Virgil tells the pilgrim that all those who earn God's anger gather on this shore. Divine Justice makes them eager to cross the river. It converts their fear into a desire to get to the other side. A good soul never has to cross this river that leads to Hell. Hence Charon assumes, at first, Dante the pilgrim to be a damned soul and includes him in the bitter words that he directs at the gathered souls.

When Virgil finishes this speech, the terrain around them starts to shake violently and this frightens the pilgrim. Then a wind starts blowing and takes on a red color. This wind knocks the pilgrim unconscious.

Notes

The two poets enter the vestibule that leads to Hell. The pilgrim reads the inscription above the gate. This describes Hell as a place of "eternal grief" for a "forsaken race" (sinners). It also explains how and why gate of Hell was created. Its creation was prompted by Justice. Justice acted upon the Trinity, as represented by Divine Omnipotence, Highest Wisdom, Primal love; and Trinity created these portals to Hell as a result.

The gates bear the warning "Abandon Every Hope, All You Who Enter". This is in accordance with the Christian view of Hell. Unrepentant sinners are the ones who are consigned to Hell after they die. And once a soul enters Hell it is doomed to stay there for Eternity. Such souls can never earn God's forgiveness and thus are forever bared from entering Purgatory and Paradise. When the pilgrim reads then he empathizes with the hopelessness of those souls who enter through these gates. Hence he describes them as "cruel". Perhaps he feels fear himself, as he is about to enter Hell. Virgil understands this and advises him to leave his fear behind and move on with trust (since God's grace is with him and he need have no fear). Virgil is very accurate in understanding what his protegee is feeling at a given moment. And thus he can ally the Pilgrim's fear and when necessary give him the needed encouragement.

Virgil explains that here they will encounter suffering souls "who lost the good of intellect". These souls during their lifetime were blind to God. They did not pursue the path of "Supreme Good" or God. Before proceeding the Roman poet his hand on the Pilgrim's to further reassure him.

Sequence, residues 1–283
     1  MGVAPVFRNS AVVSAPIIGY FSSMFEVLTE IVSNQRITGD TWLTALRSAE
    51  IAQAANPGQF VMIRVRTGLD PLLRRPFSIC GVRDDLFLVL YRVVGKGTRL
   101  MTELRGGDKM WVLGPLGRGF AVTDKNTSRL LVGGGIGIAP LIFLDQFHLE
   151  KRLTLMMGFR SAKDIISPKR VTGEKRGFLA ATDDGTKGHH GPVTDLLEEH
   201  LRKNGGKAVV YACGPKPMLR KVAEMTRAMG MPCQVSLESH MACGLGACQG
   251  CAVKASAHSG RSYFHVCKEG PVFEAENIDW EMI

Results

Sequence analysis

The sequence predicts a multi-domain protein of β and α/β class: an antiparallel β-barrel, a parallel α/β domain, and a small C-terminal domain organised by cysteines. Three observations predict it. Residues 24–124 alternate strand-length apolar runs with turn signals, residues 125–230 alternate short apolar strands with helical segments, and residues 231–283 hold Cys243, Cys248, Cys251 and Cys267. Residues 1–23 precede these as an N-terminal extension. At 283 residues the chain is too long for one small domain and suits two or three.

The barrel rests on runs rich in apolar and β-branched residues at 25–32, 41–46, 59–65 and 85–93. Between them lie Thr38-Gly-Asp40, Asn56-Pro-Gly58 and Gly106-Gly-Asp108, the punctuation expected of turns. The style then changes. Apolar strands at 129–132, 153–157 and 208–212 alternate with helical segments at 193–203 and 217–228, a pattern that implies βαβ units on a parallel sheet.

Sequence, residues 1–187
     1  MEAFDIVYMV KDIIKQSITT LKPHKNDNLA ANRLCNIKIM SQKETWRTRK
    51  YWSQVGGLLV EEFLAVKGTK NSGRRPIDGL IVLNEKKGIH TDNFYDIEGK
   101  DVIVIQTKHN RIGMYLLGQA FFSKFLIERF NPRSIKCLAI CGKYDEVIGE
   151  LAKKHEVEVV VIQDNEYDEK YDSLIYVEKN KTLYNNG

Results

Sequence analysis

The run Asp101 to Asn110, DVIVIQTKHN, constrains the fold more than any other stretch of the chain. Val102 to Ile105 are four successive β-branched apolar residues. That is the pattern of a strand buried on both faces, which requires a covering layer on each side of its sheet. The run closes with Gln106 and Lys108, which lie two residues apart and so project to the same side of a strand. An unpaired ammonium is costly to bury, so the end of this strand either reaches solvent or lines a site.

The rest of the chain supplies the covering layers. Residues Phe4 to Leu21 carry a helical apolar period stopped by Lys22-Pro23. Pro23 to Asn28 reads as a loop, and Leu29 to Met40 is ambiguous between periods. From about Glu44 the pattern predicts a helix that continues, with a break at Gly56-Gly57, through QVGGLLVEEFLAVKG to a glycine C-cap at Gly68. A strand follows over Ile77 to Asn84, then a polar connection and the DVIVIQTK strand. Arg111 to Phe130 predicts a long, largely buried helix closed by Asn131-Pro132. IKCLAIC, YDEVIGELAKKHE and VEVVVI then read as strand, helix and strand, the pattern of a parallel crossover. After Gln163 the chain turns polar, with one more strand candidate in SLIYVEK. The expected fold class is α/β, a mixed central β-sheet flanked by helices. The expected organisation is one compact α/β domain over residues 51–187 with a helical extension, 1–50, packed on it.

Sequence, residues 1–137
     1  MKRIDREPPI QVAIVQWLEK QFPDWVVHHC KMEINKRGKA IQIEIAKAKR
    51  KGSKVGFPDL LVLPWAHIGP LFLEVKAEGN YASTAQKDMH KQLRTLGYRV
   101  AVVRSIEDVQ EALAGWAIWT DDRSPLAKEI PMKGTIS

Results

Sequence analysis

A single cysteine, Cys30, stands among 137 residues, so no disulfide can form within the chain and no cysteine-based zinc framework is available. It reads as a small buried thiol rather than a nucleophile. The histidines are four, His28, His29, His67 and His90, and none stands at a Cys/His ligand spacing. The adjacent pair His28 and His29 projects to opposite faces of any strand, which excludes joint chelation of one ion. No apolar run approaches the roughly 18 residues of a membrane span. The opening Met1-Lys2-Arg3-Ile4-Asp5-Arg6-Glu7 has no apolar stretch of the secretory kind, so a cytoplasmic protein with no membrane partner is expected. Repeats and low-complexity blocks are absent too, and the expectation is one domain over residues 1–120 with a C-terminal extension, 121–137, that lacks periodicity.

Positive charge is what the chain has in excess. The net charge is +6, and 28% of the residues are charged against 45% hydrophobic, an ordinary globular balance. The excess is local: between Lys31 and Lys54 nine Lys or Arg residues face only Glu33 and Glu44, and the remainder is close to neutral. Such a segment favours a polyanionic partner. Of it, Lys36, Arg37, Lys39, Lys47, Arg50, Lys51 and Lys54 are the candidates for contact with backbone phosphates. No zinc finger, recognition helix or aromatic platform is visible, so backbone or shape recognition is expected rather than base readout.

The first impression the pilgrim has, when he enters the Vestibule of Hell, is of an auditory nature. He hears the cries of the souls suffering in this region. The noise is so overwhelming that he is reduced to tears. Sounds of anguish, anger, groans along with the sounds of hands made by these souls all have joined together and taken the form of a storm. The storm wind continuously whips in and around this region.

The pilgrim, surrounded by this horror, turns to his guide seeking an explanation. Virgil informs him that these are the souls, who during their lifetime held no convictions and were neutral in their actions. They performed no evil deeds but they didn't perform any good ones either. Also punished here are those angels who supported neither God nor Lucifer, when the latter rose against the former. They are rejected by Heaven and Hell alike. For even the sinners in Hell are considered better than such livings (human souls and angels) who had no loyalties anywhere (to good or evil). These being stood only for themselves, they had no other ideal or loyalty.

Virgil explains the nature of their punishment to ‘Dante the pilgrim’. They are even denied a true death (which involves going to Hell, Purgatory or Paradise). Instead of that they are doomed to this "blind life" where they have no identity, no purpose and which they can never escape. Virgil says that even in the world of the living their name will not be recorded. Since they stood for nothing and lived directionless lives, they are entirely forgotten. Heaven shuns them and Virgil tells the Pilgrim they do not merit discussion. The only thing to do is to look at them and move on.